Japan for the adventure lover
A loud voice yelling "High five!" breaks through the roar of the rapids. With that we all turn, raising our paddles like swords and cheering as though we've just had a major victory on some sort of battlefield.
But we're not in medieval Europe; our battlefield is the Tone River, a raging torrent just a couple of hours from Tokyo.
The reason for the celebration is our successful navigation of a tough section of the river but the merriment is short-lived - there's still a long way to go.
The Tone is one of Japan's biggest rivers and it flows through the prefecture of Gunma. This quiet region is generally famed for hot-spring resorts and world-class ski fields and although these two are worthwhile attractions in themselves, I have come here for some springtime adventure in the great outdoors.
Gunma is the ideal place for those in need of a break from the lights of Tokyo, or anyone searching for some action and excitement during their holiday in Japan.
Instead of packing on the weight while indulging in fabulous Japanese cuisine, in Gunma you can burn a few kilojoules while white-water rafting, hiking and cycling through the northern Japanese Alps.
Then, at the end of the day, you can soak away the bumps and bruises while sitting in a hot spring.
The best spot to base yourself for these adventures is the town of Minakami. It's a peaceful and incredibly scenic location with an abundance of accommodation and loads of tourist attractions. Don't be fooled by the calm atmosphere on the streets though.
In the hills and on the water you'll find thrill-seekers aplenty, all getting their adrenalin fix. This is Japan's home of adventure sport and there are several operators in town that specialise in outdoor pursuits. Thankfully, most of them are set up with Westerners in mind, so English-speaking guides are available.
There are two things that dominate the landscape here and, for adventure-lovers, both are worth exploring. First, there's the previously mentioned Tone River, which carves its seaward path through town.
During the spring period from April to June, the river provides consistent grade-four rapids over a 12-kilometre stretch. It forms a fast-moving mass of water with sections of boiling, foamy rapids that have names such as "the dragon's back" and "megawash".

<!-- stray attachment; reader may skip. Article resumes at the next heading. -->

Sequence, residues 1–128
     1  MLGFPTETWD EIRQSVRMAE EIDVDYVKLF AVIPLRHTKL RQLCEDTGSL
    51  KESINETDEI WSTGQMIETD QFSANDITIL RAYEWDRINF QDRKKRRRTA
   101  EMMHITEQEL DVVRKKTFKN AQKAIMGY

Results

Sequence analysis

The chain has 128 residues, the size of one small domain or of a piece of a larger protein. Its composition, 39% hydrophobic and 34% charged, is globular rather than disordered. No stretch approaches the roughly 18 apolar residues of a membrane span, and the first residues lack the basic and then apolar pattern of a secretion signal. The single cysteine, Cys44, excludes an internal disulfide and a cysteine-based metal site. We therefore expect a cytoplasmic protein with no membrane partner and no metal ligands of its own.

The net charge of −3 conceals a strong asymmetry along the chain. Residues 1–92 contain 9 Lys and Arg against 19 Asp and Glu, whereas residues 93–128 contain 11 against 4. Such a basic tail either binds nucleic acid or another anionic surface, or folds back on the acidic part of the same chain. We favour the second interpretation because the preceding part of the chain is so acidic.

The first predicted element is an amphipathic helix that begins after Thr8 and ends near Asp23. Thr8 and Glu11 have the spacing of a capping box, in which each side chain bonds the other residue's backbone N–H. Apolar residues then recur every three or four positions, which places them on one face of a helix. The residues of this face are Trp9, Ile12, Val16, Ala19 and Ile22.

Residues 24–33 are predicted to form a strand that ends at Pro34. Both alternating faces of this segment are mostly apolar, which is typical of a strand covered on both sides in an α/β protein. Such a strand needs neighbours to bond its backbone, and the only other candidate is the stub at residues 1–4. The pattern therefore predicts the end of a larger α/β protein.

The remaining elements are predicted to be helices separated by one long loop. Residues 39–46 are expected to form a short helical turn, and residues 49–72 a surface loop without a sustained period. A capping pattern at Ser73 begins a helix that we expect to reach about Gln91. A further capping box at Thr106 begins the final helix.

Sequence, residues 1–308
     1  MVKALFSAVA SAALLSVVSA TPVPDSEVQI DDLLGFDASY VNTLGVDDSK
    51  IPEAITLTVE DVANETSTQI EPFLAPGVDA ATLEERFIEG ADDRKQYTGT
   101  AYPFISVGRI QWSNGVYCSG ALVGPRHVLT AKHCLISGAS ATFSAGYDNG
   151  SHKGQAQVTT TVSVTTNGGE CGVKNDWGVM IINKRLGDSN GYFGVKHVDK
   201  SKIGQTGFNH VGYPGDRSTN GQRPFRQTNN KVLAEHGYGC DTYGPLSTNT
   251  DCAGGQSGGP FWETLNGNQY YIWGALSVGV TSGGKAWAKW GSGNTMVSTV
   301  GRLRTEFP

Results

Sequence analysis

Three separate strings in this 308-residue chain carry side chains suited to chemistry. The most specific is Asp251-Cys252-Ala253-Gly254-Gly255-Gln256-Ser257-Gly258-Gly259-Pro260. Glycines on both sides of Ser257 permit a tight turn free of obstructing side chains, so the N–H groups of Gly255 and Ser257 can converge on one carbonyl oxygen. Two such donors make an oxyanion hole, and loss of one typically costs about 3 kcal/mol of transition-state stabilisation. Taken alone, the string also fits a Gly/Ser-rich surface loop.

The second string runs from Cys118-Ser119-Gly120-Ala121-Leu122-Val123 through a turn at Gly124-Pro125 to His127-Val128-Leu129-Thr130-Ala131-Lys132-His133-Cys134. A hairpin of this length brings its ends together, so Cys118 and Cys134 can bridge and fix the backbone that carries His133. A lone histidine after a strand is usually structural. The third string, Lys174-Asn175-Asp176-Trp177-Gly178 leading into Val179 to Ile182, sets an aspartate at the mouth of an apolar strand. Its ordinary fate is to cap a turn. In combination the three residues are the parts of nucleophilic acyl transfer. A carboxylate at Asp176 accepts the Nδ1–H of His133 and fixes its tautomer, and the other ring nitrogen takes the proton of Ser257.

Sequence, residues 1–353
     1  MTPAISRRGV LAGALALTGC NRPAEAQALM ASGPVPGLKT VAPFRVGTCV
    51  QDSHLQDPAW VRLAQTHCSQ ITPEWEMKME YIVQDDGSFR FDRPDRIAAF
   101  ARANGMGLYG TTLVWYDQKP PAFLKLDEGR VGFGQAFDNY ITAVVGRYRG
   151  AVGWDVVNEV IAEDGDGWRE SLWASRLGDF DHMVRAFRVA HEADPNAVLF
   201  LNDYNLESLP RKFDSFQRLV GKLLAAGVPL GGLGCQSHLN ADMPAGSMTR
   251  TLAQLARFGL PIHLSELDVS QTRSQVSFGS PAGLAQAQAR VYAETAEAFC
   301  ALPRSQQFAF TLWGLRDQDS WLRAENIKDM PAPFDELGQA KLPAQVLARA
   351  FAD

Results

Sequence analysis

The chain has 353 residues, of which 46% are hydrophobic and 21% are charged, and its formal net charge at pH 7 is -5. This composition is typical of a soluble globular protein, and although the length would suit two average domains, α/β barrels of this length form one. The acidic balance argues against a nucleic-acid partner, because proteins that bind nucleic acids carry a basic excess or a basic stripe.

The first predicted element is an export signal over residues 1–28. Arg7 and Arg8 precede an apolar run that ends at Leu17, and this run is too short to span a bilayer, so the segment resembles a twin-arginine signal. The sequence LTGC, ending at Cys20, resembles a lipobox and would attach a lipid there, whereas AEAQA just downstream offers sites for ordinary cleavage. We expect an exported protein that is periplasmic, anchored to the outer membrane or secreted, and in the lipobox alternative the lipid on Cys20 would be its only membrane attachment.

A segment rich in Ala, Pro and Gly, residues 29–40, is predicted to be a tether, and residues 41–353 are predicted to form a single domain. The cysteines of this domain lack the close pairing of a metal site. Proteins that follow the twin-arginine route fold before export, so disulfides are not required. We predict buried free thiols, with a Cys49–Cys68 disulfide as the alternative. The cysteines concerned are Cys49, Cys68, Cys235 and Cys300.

Second, there are the snow-capped mountains that surround the city. With the arrival of warm weather, the snow disappears and the skiers leave the slopes. In their place come hikers, rock climbers and cyclists, making this beautiful part of Japan a genuine four-season resort town.
Because the crystal-clear river is so inviting and the spring weather so warm, my first adventure is rafting. I figure it will be a refreshing means to beat the heat and a good way to take in the natural surrounds. As soon as I'm on the water, however, I quickly discover there's no time for relaxation - you're holding on for your life and getting thrown from one side of the raft to the other.
If you're not so keen on getting wet, head for the hills. There are few better ways to see the Japanese wilderness than in the mountains that surround Minakami. The best place for walking enthusiasts is Mount Tanigawa, a 1977-metre mountain that has perpetual snow. It's one of the largest peaks in the area and features countless trails, all with spectacular scenery.
If you're lucky you might even see one of the resident bears or monkeys that live in the forest. The mountain is also a famed haunt for rock climbers. But be warned; the climbing is treacherous and many lives have been claimed on Tanigawa's cliff faces.
Mountain-bike tour operators offer different levels of trail rides, ranging from tame and mostly flat courses to extreme downhill trails, recommended for only the most experienced. All the necessary equipment is supplied and, as is typical in Japan, safety is paramount.
The guides on any of the tours have a wealth of knowledge and their enthusiasm is overwhelming, making it a lot of fun to spend a day on the Tone River or an afternoon hiking on Mount Tanigawa.
The writer travelled courtesy of Japan National Tourism Organisation, JR East and JAL.
Getting there The fastest and easiest way to Minakami is by bullet train. From Tokyo or Ueno station, take the Joetsu Shinkansen to Jomo Kogen station (travel time is about 72 minutes and costs about ¥5000, $63), then take a bus to Minakami station (about 15 minutes, ¥500).
From Tokyo, drivers should take the Kan-Etsu Expressway to Minakami (travel time is about 2 1/2 hours and costs ¥4000 in tolls).
For accommodation options in Minakami, see tourism-minakami.com.
For more information See outdoorjapan.com and canyons.jp.
Sydney Morning Herald